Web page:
a) Grown in the presence of Sb(III).

b) Grown in the presence of As(III). In each plate: control cells containing an empty vector (0); Cells expressing TbAQPl, TbAQP2, or TbAQP3 (1), (2), or (3), respectively.

6.5 (Fig. 3a) the sensitivity of these cells to Sb(III) increased steadily. Similar results were obtained for As(III) in TbAQP2 and 3 transformants but at a lower concentration (Fig. 3b). For TbAQPl-transformed fpslA mutant cell variations in pH did not change the transport rate for As(III). In general these results suggest that changes in the spatial structure of As(OH)3 and Sb(OH)3 at low pH decreased the permeability of TbAQPs to these metalloids. However, the fact that TbAQPl did not show this phenotype revealed differences in aquaglyceroporin structures.

Effect of pH on the metalloids uptake in Xenopus laevis oocytes expressing TbAQPs Next we tried similar experiments in Xenopus laevis oocytes expressing TbAQPs at pH 5.5 and 7. As shown in Figure 4a, in contrast with the control cells, oocytes expressing TbAQPs were able to transport Sb(III) at both 5.5 and 7 pH values, but the uptake at pH 5.5 was significantly reduced. This result is consistent with the previous observations with yeast transformants.

The effect of pH variations in the transport of As(III) shed different results for each TbAQP. For TbAQP3 the decrease in pH lowered the As(III) intake; for TbAQP2 a rather moderate though still statistically significant effect was registered; while for TbAQPl virtually no effect •

was observed (Fig. 4b). These data are also consistent with the experiments in yeast.

Cellular Physiology Cell Physiol Biochem 2013;32:880-888

and Biochemistry

DOI: 10.1159/000354490 Published online: September 27, 2013

© 2013 S. Karger AG, Basel www.karger.com/cpb

Uzcategui et al.: Uptake of Arsenite and Antimonite by TbAQPs

Fig. 4. As(III) and Sb(III) pH-dependent permeability in Xenopus laevis oocytes expressing TbAQPs. Oocytes were injected with water (control) or with 10 ng of TbAQP1, 2 or 3 - cRNA. Upper panel represents Sb(III) uptake and lower panel denotes As(III) uptake. Graphics represent the mean ± SD from at least three independents experiments. Statistical analysis was performed using GraphPad Prism software (GraphPad Software Inc, La Jolla, CA). Results with p<0.05 were considered as statistically significant.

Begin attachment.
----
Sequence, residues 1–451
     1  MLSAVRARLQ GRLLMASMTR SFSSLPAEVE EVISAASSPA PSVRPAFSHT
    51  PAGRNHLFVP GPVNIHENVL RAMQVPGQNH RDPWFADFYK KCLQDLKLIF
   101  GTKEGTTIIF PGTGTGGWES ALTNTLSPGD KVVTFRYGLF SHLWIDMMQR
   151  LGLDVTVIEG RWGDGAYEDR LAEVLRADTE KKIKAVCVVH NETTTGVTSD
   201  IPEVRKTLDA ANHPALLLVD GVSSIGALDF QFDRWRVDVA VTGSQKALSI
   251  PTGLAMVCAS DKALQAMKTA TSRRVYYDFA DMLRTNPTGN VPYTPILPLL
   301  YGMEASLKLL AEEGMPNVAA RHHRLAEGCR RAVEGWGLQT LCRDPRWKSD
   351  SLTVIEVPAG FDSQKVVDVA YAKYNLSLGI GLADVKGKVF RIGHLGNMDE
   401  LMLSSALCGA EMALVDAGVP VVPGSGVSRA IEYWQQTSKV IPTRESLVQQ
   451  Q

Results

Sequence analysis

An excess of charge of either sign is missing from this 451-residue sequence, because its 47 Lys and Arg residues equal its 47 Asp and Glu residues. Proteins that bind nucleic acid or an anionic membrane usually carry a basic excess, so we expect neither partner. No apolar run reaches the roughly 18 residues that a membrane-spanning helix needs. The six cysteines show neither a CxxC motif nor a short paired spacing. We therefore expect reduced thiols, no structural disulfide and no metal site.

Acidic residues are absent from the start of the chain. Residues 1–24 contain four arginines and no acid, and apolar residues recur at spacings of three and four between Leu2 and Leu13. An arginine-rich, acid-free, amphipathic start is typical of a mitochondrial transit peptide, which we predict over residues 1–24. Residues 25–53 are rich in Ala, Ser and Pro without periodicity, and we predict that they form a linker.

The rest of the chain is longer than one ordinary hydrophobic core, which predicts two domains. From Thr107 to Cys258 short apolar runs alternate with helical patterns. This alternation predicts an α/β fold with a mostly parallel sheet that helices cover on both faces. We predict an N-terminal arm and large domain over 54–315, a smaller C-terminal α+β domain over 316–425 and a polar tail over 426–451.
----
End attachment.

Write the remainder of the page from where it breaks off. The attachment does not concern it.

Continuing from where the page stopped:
Table 1. IC50 values for the different metalloids in Trypanosoma brucei bloodstream forms

Compound IC50 in bloodstream (juM]

Arsenic V 7.0 ±0.3

Arsenic III 0.31 ±0.06

Antimony III 0.103 ±0.01

Anti-proliferative effects of As(III), As(V) and Sb(III) on T. brucei

As(III) in the form of arsenic trioxide (Trisenox®), although very toxic and difficult to apply, is currently used against acute promyelocytic leukaemia being the most effective drug available against this disease [21]. With this in mind, we decided to evaluate As(III) cytotoxicity in trypanosomes. To this end, the IC50 of the three metalloids here studied were determined as described in Material and Methods in T.brucei cell cultures. As shown in Table I, all arsenic and antimony compounds killed the parasite in the nM to ^.M range, the order of effectiveness being Sb(III) > As(III) > As(V).

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Uzcategui et al.: Uptake of Arsenite and Antimonite by TbAQPs

Discussion

The Trypanosoma brucei bloodstream form possesses three aquaglyceroporins namely: TbAQPl located at the flagellum, TbAQP2 in the flagellar pocket and TbAQP3 in the plasma membrane [7, 13, 22]. Using RNAi technology, Bassarak et al. demonstrated that after hyposmotic shock these channels, in particular TbAQP2, participate in cell volume regulation. TbAQPs are also associated with drug uptake, as in the case of dihydroxyacetone, an innocuous compound for humans but cytotoxic for T. brucei which is very efficiently transported into the parasite [23, 24]. However, the ability of TbAQPs to uptake As(III) and Sb(III), which are basic components of several antiparasitic drugs against trypanosomatids, has not yet been tested. This fact, together with a recent report that in T. brucei TbAQP2 is associated with the toxic effects of the arsenical drug melarsoprol, [7], prompted us to investigate the trivalent arsenic transport in this parasite. Using two different protein expression systems, Saccharomyces cerevisiae and Xenopus laevis oocytes, we have shown that trypanosomal aquaglyceroporins are highly permeable for both trivalent arsenic and trivalent antimony. The heterologous expression of the three different T. brucei AQPs in yeast fpslA mutant cells promoted the uptake of As(III) and Sb(III) through these channels increasing the sensitivity of these cells to these metalloids, and provoking cell death [13].

Since heterologous expression experiments using aquaglyceroporins from different organisms including mammals (AQP9) [25, 26], plants (nodulin-26-like intrinsic proteins (NIP)) [27] and yeast (Fpslp deleted of the N-terminal regulatory domain) [16] have shed similar results, our findings strongly suggest that TbAQPs are responsible for the uptake of these metalloids compounds.